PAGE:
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International Concrete Abstracts Portal

Showing 1-2 of 2 Abstracts search results

Document: 

92-M17

Date: 

March 1, 1995

Author(s):

Michael McVay, Jeff Rish III, Chris Sakezles, Shaik Mohseen, and Charles Beatty

Publication:

Materials Journal

Volume:

92

Issue:

2

Abstract:

The scaling of concrete parking aprons under F/A-l 8 and B-l aircraft asso-ciated with chemical attack from spilled lubricants and heat has been repro-duced in the laboratory. Two different series of tests involving the refluxing of lubricants, water and concrete were performed. The first involved reflux ing ground concretes, and the second, refluxed concrete-coated cylinders. Series 1 tests identijed if the replacement materials were suspect to attack, and Series 2 ‘was designed to measure strength loss of ordinary portland cement- (OPC) coated specimens, as well as replacement materials. Over 10 different coatings and 10 different inlay replacement materials were tested and compared to OPC control specimens. It was found that OPC lost 55 percent of its strength after 7 days, whereas neutral pH cements showed no reaction (Series 1 tests) and no strength loss (Series 2 tests). Only polyvi-nyl alcohol and polyacrylic acid coatings showed a significant reduction in attack (40percent) of all the coatings tested.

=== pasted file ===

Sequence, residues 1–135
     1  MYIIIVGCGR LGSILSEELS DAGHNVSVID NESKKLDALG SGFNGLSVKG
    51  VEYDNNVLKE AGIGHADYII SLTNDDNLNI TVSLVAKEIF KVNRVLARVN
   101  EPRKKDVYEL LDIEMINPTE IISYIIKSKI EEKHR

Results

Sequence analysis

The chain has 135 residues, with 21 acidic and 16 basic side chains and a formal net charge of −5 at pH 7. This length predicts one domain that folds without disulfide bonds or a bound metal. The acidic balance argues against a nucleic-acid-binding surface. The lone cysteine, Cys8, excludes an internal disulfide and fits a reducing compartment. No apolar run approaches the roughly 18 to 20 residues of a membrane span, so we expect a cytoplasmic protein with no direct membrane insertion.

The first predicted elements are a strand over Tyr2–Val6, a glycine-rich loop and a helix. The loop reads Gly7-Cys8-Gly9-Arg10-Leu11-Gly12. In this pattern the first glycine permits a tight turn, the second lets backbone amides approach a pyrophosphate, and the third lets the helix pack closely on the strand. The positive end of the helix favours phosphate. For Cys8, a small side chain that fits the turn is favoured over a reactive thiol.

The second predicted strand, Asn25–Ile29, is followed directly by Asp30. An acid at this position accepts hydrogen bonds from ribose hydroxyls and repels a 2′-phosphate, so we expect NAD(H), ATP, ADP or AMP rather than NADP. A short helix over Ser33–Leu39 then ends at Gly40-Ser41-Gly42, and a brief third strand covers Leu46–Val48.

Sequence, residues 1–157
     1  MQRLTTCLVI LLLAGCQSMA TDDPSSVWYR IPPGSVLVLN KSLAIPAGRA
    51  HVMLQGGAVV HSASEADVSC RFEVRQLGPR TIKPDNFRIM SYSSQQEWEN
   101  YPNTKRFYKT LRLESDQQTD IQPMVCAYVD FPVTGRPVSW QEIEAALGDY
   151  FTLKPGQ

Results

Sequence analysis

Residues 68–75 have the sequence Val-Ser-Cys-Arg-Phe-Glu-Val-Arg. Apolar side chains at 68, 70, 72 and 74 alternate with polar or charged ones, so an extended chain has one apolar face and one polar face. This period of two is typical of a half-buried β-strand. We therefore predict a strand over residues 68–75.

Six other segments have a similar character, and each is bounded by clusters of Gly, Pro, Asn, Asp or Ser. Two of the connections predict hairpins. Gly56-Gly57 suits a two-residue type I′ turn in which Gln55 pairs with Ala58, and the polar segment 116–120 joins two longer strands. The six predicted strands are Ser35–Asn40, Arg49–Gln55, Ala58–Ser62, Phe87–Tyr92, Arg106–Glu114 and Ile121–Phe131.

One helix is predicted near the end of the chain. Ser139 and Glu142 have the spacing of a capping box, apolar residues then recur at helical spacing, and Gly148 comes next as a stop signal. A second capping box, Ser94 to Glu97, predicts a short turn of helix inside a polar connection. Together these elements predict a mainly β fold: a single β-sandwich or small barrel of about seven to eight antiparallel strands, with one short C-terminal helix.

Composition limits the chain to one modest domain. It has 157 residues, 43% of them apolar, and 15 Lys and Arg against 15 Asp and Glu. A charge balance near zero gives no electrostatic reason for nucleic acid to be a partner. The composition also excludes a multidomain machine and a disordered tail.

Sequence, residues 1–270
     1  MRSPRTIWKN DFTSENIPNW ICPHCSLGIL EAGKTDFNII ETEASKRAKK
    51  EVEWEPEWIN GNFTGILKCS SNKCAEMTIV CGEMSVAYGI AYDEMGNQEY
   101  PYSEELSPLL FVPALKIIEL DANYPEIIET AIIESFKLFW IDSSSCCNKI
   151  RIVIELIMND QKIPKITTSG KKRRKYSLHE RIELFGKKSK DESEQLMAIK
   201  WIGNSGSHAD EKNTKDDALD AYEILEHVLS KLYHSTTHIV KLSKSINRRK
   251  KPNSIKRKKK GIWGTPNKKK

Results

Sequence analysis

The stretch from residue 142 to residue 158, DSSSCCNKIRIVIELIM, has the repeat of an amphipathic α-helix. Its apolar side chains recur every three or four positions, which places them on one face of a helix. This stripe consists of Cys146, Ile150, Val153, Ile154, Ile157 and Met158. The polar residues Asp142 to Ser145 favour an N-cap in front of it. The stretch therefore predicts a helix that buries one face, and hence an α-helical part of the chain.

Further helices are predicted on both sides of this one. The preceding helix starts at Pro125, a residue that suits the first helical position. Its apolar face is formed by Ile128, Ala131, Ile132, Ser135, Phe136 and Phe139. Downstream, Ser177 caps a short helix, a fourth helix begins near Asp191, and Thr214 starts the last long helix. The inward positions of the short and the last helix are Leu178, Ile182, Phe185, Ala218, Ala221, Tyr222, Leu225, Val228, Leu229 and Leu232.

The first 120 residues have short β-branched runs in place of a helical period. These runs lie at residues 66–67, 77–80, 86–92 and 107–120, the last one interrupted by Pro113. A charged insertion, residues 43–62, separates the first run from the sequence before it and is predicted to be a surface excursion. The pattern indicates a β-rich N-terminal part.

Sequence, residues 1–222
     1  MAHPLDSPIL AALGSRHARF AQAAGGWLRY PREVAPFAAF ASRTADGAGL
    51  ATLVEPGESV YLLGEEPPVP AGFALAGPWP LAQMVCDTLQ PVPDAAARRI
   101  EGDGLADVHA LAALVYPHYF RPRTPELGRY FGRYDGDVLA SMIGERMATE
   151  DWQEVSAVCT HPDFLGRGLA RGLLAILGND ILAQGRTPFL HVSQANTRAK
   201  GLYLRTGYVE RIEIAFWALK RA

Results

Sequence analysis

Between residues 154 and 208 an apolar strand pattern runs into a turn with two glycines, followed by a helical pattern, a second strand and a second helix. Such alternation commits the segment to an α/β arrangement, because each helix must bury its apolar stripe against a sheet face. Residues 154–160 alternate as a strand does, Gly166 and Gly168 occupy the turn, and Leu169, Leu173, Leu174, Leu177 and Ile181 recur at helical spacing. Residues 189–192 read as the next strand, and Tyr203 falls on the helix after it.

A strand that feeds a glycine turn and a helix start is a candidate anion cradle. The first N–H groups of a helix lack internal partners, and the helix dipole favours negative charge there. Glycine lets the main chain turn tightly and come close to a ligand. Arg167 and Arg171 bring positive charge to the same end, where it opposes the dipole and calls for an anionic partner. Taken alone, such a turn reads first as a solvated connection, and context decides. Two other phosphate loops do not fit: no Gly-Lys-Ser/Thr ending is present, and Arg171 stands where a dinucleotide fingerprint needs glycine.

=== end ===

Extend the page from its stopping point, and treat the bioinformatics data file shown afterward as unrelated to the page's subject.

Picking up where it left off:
DOI:

10.14359/9766


Document: 

90-M28

Date: 

May 1, 1993

Author(s):

Michael C. McVay, Lee D. Smithson, and Charles Manzione

Publication:

Materials Journal

Volume:

90

Issue:

3

Abstract:

The Department of Defense has seen an increase in airfield concrete apron distress in the form of surface scaling when exposed to cyclic heat, spilled lubricants, and/or hydraulic fluids. Chemical analysis of the damaged concrete reveals that the spilled fluids are undergoing hydrolysis (breakdown) accompanied by the consumption of calcium hydroxide, and hydrated silicate and aluminate phases. The damage was reproduced in the laboratory on 3 ft by 4-in. (10.2-cm) thick slabs during 5 weeks of exposure to lubricants and cyclic heat. Use of penetrating sealants, coatings and/or neutral pH concretes are suggested for pavements exposed to this environment.

DOI:

10.14359/3881


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